Today, visitors are invited to explore this beatiful castle and its surrounding grounds. Families and school children are also welcome, and there are a wide range of events and activities taking place throughout the year. For a full calendar of events check out the National Trust Bodiam Castle events page.

Contributed by Chris Reid

Photo by Peter Broster (cc)

8. Warwick Castle

Built by a king, the seat of a kingmaker and vital stronghold in the Wars of the Roses and the English Civil War, Warwick Castle has played an important role in British history. Warwick Castle would undergo centuries of change, some due to altering styles, but others for military reasons or due to necessity such as after a fire in 1871. It was also at Warwick Castle that Edward IV was held prisoner in 1469 and it was later held by future King Richard III, the Duke of Gloucester in the 1480s. In 1642, Warwick Castle also played its part in the English Civil War, withstanding a Royalist siege.

DID YOU KNOW?

Built by a king, the seat of a kingmaker and vital stronghold in the Wars of the Roses and the English Civil War, Warwick Castle has played an important role in British history.

Saxon Origins
Before Warwick Castle’s existence, the site on which it sits was the location of a Saxon fort built by Alfred the Great’s daughter, Ethelfleda in 914AD. Its aim was as a defence from Danish invaders.

Construction and Change
It was in 1068 that the initial visage of Warwick Castle began to take shape, when its construction was ordered by King William I, better known as William the Conqueror. At this point, it was a wooden motte and bailey construct, eventually to be turned into a stone castle in the 13th century.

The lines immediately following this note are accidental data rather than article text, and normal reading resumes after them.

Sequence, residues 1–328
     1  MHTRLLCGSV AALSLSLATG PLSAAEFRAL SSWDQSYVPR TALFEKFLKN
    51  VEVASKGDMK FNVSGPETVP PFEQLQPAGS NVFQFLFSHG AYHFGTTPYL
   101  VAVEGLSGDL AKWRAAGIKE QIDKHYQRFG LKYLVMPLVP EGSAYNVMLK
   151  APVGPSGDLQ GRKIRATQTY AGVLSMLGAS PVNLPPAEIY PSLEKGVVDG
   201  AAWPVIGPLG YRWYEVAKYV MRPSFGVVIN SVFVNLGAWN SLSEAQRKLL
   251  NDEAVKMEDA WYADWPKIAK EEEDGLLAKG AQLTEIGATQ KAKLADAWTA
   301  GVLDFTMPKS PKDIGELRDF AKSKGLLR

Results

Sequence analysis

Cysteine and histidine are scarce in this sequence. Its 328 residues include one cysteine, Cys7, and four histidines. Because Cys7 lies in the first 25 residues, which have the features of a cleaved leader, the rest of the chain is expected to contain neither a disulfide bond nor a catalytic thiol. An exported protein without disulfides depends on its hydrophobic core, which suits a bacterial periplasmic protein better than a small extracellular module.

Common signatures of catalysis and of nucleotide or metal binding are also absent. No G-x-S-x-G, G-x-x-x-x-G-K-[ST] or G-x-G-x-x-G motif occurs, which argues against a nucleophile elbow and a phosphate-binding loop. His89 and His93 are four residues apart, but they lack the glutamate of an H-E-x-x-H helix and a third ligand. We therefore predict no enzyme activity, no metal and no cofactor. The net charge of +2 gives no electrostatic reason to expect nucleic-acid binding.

In fact, Warwick Castle would undergo centuries of change, some due to altering styles, but others for military reasons or due to necessity such as after a fire in 1871. For example, while its two vast eastern towers date to the 14th and 15th century renovations and the Great Hall to the 14th century much of the interior, such as the State Dining Room, was redone or created in the 18th century.

Vital Stronghold
A major part of what makes Warwick Castle truly exceptional is its story and those of the people and dynasties for which it formed a backdrop. For example, it was owned by the Earl of Warwick Richard Neville, a central character in the Wars of the Roses who history has named the Kingmaker.

It was also at Warwick Castle that Edward IV was held prisoner in 1469 and it was later held by future King Richard III, the Duke of Gloucester in the 1480s. In 1642, Warwick Castle also played its part in the English Civil War, withstanding a Royalist siege.

Warwick Castle Today

The seat of the Earls of Warwick until 1978, Warwick Castle then opened to the public and today offers a range of things to see and do. Visitors can tour the site and its grounds, learning about its history and enjoying its architecture. There are also often children’s activities. A full visit can last around 4-5 hours.

Photo by donnamarijne (cc)

9. Carrickfergus Castle